Infectious Exanthematous Diseases in Childhood

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Infectious exanthemas are infectious diseases with a characteristic rash. Exanthema is a sudden generalized eruption on the skin. Based on the nature of eruption, there are maculopapular, vesicular, and hemorrhagic rashes. Most infectious rashes of childhood are of viral origin, which resolve spontaneously within days or weeks without sequelae, and treatment is only symptomatic. Special attention should be paid to certain exanthematous infections during pregnancy that may compromise the development of fetus or cause an infection in the neonate.[1]

Exanthematous diseases can be divided into classical exanthema and non-specific exanthema according to the pathogen and nature of the exanthema. Incidence of classical exanthema diseases are declining thanks to vaccination. On the contrary, there is an increase in diseases with uncharacteristic and inconstant exanthema with various infectious agents being involved.[1]

Previously, the most common childhood exanthematous disease were named the first to sixth childhood diseases. This designation has survived to this day only in the fifth and sixth children's diseases.[2]

Name of the Disease Old Designation Pathogen[2] Incidence in ČR (2009)[3] Vaccination
Measles First childhood disease Morbillivirus 5 mandatory(MMR)
Scarlet fever Second childhood disease Streptococcus pyogenes 3862
Rubella Third childhood disease Rubivirus 6 mandatory (MMR)
Pseudoscarlatina Fouth childhood disease
Erythema infectiosum Fifth childhood disease Human papillomavirus B19
Exanthema subitum Sixth childhood disease Human Herpes Viruses 6 & 7

In addition, classic exanthematous diseases include:

Diseases accompanied by rash can be also caused by:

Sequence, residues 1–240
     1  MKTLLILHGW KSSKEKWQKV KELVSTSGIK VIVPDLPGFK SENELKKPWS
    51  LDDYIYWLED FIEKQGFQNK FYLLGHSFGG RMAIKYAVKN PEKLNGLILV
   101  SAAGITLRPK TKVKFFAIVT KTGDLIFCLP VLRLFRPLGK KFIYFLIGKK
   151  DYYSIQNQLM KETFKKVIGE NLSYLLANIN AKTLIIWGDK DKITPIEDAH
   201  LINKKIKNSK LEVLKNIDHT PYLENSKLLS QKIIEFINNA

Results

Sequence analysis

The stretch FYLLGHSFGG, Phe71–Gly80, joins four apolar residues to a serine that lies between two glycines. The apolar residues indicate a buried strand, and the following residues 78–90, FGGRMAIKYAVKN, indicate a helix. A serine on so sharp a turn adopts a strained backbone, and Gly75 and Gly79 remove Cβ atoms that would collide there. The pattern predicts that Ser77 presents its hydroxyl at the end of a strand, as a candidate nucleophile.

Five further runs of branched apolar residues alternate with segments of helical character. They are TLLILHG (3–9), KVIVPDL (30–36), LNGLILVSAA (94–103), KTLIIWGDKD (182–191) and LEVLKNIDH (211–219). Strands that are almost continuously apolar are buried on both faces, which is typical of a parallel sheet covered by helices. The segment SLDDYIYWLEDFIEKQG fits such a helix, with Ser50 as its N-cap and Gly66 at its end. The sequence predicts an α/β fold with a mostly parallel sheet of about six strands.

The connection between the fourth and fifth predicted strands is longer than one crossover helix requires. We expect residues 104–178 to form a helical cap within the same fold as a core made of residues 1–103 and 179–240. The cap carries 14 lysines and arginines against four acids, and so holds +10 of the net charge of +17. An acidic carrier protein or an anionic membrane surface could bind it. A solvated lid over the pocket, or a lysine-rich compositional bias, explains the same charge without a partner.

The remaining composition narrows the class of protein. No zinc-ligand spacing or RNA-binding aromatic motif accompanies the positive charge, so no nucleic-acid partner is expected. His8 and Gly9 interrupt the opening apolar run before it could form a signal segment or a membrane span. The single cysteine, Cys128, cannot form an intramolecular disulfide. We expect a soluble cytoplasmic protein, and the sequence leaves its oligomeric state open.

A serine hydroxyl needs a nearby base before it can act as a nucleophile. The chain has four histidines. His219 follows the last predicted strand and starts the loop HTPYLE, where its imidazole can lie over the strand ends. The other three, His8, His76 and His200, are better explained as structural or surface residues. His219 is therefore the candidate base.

• adenoviruses - rubeoliform rash (on the face, torso and limbs);
  • Cytomegalovirus - erythema or papular rash (on the trunk, limbs and palms);
  • coxsackie viruses, ECHO viruses - papules, vesicles, petechiae (face, torso);
  • Epstein-Barr virus - rubeoli/morbiliform rash (torso, limbs, face);
  • Hepatitis B virus - papules, urticaria (auricle, forehead), generalized form: Gianotti-Crosti syndrome;
  • HIV - rubeoli/morbiliform rash(face, torso);
  • Mumps (parotitis epidemica) - erythema, papules, vesicles, urticaria (face, torso, limbs);
  • Poxviruses - molluscum contagiosum, erythema (anywhere);
  • Influenza A, influenza B, parainfluenza, RSV, rhinoviruses - erythema, papules, rubeoliform rash (face, torso, limbs)

Diagnostics[edit | edit source]

  • Epidemiological history (occurrence of infection in the area, season)
  • Personal history (past exanthematous infections, vaccinations, allergic manifestations)
  • Current disease (prodromal symptoms, place of rash, nature and distribution of rash, presence of systemic symptoms, fever, administration of medication before rash)
  • Clinical manifestations
  • Laboratory findings, serum antibody tests and direct identification of the agent[1]

Differential Diagnostics[edit | edit source]

Maculopapular Rashes
Vesicular Exanthemas
Hemorrhagic Exanthema
  • Life-threatening bacterial infections (e.g. N. meningitidis, group B and C streptococci, S. pneumoniae and H. influenzae)
  • Hemorrhagic fevers (Ebola, Lassa, Marburg disease, Congo-Crimea, Bolivian, Argentine, and hemorrhagic fevers with renal syndrome)[2]

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Reference[edit | edit source]

  1. a b c KELBLEROVÁ, A. Infekční exantémová onemocnění v dětském věku. Pediatrie pro praxi [online]. 2009, roč. 10, s. 176, dostupné také z <>. ISSN 1803-5264. 
  2. a b c d SEDLÁČEK, D – ŠTRUNCOVÁ, V. Virové exantémy dětského věku. Pediatrie pro praxi [online]2008, y. 9, p. 364, Available from <>. ISSN 1803-5264. 
  3. STÁTNÍ ZDRAVOTNÍ ÚSTAV,, et al. Vybrané infekční nemoci v ČR v letech 2000-2009 [online]. ©2010. [cit. 2010-08-15]. <>.